Visit our Colorado State Extension office for more news, tools and resources.

Close Icon
Arapahoe County Extension provides trusted, practical education to help you solve problems, develop skills and build a better future.

Monet’s Garden a la Rocky Mountain Style

By Kathi Thistlethwaite, Colorado Master Gardener

Monet’s irises, Photo: Mark Craft

What would Impressionist painter Claude Monet’s flower garden in Giverny, France have looked like if he lived in the Front Range of the Rocky Mountains? We do not know. What we do know is his choice of flowers was based on color, bloom time, light and climate. Applying these principles rather than copying the exact cultivars for beds, borders, containers or entire landscapes can add a sense of artistry to urban surroundings.

Giverny lies in northern France on the Seine River, 47 miles northwest of Paris and 112 miles from the English Channel. European countries have European Hardiness Zones1. The location and climate of Giverny equates to USDA Hardiness Zone 8, similar to the coastal areas of the southeast United States. Zone 8 winters allow for nice displays of textures and color, but the Denver area is Zone 5b, giving us colder, longer winters with winter interest provided by woody plants rather than specific flowers.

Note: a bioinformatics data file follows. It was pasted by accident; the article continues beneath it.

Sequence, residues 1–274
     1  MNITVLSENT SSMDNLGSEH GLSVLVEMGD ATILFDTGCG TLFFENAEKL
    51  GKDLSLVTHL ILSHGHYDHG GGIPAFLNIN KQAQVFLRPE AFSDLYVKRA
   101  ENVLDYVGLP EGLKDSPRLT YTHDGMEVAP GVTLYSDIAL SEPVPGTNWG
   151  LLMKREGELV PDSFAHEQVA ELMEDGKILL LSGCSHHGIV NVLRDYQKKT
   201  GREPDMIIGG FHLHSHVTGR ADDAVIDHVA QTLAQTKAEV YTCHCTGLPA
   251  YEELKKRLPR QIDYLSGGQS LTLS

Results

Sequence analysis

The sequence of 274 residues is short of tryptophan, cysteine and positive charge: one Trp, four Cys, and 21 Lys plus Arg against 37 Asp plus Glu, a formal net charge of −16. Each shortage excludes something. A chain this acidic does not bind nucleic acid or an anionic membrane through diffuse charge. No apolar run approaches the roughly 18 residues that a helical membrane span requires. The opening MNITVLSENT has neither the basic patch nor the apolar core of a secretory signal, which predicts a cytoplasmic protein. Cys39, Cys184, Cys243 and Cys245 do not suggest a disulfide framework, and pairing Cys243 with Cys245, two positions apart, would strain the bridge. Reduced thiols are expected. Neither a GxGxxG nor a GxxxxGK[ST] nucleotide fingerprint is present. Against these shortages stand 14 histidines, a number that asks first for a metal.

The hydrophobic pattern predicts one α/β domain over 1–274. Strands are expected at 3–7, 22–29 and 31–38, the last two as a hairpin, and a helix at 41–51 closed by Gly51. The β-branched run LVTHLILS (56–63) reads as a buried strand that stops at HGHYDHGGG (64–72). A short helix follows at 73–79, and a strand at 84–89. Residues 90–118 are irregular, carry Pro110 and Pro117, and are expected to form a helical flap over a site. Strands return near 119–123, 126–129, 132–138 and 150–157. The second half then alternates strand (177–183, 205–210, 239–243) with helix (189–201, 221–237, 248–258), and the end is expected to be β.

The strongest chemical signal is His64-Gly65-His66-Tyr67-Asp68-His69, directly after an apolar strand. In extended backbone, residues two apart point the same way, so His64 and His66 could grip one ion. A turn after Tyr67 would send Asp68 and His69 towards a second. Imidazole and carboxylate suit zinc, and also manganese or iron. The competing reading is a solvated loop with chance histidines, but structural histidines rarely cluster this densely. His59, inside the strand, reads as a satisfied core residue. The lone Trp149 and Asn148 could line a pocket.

Photo: Fondation Claude Monet

Monet used what he called “paint box gardens,” raised beds measuring 5 feet x 2.5 feet. In these beds he experimented with color and how light played off the flowers. Some of the paint boxes were monochromatic while others combined colors. One constant was his use of small flowers such as anemones, which also added shimmer and movement. He used white or yellow flowers for contrast in many of his color schemes, including his favorites yellow and blue; red, silver and green; and blue/purple, pink and white. The white he sought to incorporate also came from bi-colored varieties such as his beloved iris and columbine. Many of the plants Monet used were native to Europe and some from Asia, the Asian varieties being the anchor of his water garden.

Coreopsis, Photo: Martha Kirk

Choosing waterwise native cultivars such as yarrow, delphinium and penstemon will help create a garden able to withstand our sometimes-hostile climate while tapping into the creativity inspired by Monet. This link is a great place to start for plant choice and information.

Monet did not like organized or constrained gardens. He allowed flowers to grow naturally, akin to his impressionistic style of painting. Photo: Clemson University

Repetition of color, form and texture; spaces of different flowers in the same or complementary colors; generous use of plants; succession planting; and allowing the flowers to grow according to their individual habits are the elements of Monet’s Garden, immortalized in his paintings. Substituting suitable plant choices for the Front Range, coupled with these elements, give regional gardeners an opportunity to bring a little Giverny home to Colorado. As every gardener is aware, gardens are constantly being tweaked.

Bon Jardinage!


Leave a Reply

Your email address will not be published. Required fields are marked *